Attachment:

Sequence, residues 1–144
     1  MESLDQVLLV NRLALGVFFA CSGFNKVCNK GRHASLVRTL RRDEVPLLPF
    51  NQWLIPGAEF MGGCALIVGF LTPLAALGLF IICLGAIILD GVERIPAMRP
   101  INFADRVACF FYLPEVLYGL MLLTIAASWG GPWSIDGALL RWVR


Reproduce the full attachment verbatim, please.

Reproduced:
Sequence, residues 1–144
     1  MESLDQVLLV NRLALGVFFA CSGFNKVCNK GRHASLVRTL RRDEVPLLPF
    51  NQWLIPGAEF MGGCALIVGF LTPLAALGLF IICLGAIILD GVERIPAMRP
   101  INFADRVACF FYLPEVLYGL MLLTIAASWG GPWSIDGALL RWVR